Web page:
Make Rich People Read Chekhov
There have been two articles in the New York Times very recently concerning empathy.
First, there was this Opinionator piece about how rich people have less empathy. Second, there was this Well blogpost which reports on a study that implies you can improve your empathy skills, at least in the short term, by reading literary fiction like Chekhov.
Empathy means understanding and sharing the feelings of other people. So what do these two columns actually refer to?
For rich people, it’s mostly about attention rather than empathy. The idea is that researchers study how people pay attention to people (answer: they pay attention to high status people more), and found that rich people don’t do it much at all. They claim attention is a prerequisite for empathy, and that there’s a negative feedback loop going on with the rich, a lack of empathy, and increasing inequality.
As for the literary fiction column, it cites a study in which what they measure is something a little bit different, namely the “theory of mind” of a person after reading Checkhov versus something else. The concept of the theory of mind is that we have internal models of other people’s mindset, and actually they claim to be able to separate this into two parts, cognitive and affective. So if I have a realistic impression of what you’re feeling, we say that my affective theory of mind is good, whereas if I have a realistic impression of how you’re planning to act, that’s called nailing a cognitive theory of mind.
A few comments:
- I’m not so sure about the attention-leads-to-empathy assumption. Sometimes I am on a subway and I start sensing people’s emotions around me whether I like it or not, even when I’m trying not to pay attention to them. For me empathy is like smell, and some people are incredibly smelly, especially on the subway.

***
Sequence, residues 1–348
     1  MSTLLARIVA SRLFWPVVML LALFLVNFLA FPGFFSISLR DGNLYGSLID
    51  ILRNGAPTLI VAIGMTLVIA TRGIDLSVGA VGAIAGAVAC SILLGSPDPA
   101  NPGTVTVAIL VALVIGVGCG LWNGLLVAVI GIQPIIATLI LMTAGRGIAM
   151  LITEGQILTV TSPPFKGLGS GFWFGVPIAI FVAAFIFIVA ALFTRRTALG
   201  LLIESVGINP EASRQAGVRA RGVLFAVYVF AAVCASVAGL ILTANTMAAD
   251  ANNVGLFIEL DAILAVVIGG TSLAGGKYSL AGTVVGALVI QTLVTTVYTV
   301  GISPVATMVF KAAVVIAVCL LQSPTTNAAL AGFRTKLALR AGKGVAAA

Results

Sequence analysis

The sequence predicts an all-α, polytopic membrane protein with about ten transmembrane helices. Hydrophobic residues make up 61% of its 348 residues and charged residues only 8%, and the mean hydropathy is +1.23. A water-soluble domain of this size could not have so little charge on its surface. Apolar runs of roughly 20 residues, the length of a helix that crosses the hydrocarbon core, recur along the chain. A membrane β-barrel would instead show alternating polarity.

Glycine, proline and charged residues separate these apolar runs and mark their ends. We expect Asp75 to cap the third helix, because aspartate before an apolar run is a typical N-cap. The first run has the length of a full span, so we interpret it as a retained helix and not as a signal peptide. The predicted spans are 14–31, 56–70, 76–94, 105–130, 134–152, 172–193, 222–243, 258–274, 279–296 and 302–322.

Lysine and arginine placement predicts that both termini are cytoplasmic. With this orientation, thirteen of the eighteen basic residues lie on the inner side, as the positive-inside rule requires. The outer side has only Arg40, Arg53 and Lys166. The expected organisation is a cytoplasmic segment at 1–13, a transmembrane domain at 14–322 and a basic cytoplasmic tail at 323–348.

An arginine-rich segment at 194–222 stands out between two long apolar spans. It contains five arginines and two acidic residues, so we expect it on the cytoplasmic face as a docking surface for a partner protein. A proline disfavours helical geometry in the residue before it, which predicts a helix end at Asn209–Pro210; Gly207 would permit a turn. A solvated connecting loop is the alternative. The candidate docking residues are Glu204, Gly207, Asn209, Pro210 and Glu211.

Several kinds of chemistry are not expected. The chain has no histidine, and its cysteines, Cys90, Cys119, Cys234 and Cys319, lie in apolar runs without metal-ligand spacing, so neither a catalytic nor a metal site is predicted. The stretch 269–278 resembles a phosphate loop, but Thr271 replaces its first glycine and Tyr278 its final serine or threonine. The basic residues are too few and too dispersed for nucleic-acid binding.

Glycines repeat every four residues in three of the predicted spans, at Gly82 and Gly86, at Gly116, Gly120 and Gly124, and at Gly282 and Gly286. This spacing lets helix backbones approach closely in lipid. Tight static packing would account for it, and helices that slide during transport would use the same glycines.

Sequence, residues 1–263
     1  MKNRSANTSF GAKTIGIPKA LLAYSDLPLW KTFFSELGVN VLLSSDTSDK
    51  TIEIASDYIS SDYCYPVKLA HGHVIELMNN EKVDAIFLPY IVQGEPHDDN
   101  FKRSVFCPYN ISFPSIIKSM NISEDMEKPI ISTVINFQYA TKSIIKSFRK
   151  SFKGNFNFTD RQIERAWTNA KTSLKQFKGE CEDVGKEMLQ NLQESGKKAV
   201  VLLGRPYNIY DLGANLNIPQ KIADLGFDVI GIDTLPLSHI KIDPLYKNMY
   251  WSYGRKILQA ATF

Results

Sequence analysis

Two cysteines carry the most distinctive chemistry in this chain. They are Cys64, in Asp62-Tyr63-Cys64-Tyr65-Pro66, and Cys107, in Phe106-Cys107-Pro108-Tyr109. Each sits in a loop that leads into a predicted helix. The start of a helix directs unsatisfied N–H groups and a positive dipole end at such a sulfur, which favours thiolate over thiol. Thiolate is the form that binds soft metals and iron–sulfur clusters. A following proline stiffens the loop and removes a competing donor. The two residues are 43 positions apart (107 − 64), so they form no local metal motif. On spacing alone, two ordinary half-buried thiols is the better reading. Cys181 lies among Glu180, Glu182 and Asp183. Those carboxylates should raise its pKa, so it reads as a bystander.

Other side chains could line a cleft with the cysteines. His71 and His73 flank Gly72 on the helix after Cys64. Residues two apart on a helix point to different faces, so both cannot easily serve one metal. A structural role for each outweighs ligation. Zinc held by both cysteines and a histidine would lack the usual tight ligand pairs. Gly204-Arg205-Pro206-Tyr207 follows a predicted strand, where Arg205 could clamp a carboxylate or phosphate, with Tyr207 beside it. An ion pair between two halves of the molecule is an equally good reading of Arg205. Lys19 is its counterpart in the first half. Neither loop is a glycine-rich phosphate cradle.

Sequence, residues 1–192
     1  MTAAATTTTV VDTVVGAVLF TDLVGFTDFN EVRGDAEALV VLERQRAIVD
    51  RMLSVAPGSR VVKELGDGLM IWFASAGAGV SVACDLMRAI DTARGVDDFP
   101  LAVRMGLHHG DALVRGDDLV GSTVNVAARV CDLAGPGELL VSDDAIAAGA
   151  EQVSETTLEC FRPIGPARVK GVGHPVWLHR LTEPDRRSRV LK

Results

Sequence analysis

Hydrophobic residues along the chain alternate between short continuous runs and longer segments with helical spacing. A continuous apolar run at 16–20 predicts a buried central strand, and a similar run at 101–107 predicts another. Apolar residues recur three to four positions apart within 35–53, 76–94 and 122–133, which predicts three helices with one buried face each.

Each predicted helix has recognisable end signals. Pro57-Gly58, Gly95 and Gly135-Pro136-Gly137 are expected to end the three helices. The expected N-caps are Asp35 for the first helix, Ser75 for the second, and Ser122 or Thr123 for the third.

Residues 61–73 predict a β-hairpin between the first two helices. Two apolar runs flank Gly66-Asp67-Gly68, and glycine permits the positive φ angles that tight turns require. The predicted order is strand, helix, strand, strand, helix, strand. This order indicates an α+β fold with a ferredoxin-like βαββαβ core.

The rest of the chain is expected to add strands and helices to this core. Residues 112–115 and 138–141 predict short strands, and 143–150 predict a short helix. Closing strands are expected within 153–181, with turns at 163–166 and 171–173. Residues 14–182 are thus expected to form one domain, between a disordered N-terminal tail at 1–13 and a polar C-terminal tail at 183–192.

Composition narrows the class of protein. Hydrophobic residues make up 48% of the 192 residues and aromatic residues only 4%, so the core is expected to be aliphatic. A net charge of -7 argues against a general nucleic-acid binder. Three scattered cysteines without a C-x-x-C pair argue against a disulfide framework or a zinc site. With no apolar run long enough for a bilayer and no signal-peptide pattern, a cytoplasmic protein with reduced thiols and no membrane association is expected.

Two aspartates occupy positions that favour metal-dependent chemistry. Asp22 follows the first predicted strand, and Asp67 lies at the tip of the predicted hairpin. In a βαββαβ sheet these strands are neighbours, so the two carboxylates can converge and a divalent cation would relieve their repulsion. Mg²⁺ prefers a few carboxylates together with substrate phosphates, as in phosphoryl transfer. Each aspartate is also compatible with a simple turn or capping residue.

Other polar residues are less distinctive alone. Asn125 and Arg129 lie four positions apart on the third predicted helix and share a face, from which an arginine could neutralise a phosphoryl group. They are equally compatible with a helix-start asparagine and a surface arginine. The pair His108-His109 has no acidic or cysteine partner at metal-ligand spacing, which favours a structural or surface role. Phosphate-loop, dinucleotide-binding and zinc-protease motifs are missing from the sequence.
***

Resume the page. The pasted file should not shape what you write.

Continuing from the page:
- On the other hand it resonates with me that rich people have less empathy. Certainly this seemed to be the case when I worked at D.E. Shaw, although it might have been a self-selection thing: maybe people who are not empathetic are attracted to working at a hedge fund.
- In any case, there’s a tremendous disconnect between regular people and the attitude of finance people, along the lines of “I’m smarter than those people so I deserve to be rich”, and I ascribe much of this disconnect to a lack of empathy.
- In both of these columns, though, the question was how well do you pay attention to, and read, people in the same room with you. Unfortunately that’s not a good enough question, at least if you’re worried about that negative feedback loop, if you think about the real world. In the real world, even in New York, rich people don’t spend lots of time in the same room with anyone except other rich people. So it’s a bigger problem to address than what you might at first think.
- Having said that, I don’t claim that if everyone just had more empathy all our problems would be solved. Even so I do think it might help. Certainly my sensitivity to other people’s emotions deeply affects me and my actions and goals, but of course that’s too little evidence to go by.
- In any case it’s an interesting thought experiment to imagine a world of increased empathy. I like that it’s being considered as a basic attribute of interest, and that it seems tweakable.
- Conclusion: before talking to someone I perceive as unempathetic, I will bust out a Checkov short story (this one) and demand they read it on the spot. That should really help.